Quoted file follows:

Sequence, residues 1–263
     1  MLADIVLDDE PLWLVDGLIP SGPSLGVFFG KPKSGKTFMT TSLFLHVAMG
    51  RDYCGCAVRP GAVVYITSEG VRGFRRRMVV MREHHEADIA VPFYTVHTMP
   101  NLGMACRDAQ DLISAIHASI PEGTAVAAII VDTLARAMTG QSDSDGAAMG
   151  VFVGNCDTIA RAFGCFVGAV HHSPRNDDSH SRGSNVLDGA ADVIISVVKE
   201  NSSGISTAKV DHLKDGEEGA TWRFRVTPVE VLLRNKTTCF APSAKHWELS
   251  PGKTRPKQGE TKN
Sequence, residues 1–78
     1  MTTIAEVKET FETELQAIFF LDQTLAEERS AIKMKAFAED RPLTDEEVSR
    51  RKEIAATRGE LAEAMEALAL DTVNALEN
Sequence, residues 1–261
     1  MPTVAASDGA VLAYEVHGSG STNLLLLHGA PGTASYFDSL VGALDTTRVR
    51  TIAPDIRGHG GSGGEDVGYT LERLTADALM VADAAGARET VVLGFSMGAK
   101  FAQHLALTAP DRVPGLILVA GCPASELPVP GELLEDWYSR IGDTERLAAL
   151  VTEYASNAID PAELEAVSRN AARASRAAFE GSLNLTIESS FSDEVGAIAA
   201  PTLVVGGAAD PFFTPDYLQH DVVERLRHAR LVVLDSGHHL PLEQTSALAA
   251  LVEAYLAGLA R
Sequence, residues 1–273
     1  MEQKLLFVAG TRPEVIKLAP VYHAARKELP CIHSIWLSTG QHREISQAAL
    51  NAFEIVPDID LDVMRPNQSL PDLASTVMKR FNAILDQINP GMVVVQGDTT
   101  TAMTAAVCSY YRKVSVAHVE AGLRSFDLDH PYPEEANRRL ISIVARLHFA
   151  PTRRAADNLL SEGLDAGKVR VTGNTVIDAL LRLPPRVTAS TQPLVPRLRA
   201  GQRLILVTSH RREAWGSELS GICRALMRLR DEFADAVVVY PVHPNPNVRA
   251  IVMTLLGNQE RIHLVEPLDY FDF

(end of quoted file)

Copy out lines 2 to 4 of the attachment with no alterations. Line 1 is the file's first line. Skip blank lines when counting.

     1  MLADIVLDDE PLWLVDGLIP SGPSLGVFFG KPKSGKTFMT TSLFLHVAMG
    51  RDYCGCAVRP GAVVYITSEG VRGFRRRMVV MREHHEADIA VPFYTVHTMP
   101  NLGMACRDAQ DLISAIHASI PEGTAVAAII VDTLARAMTG QSDSDGAAMG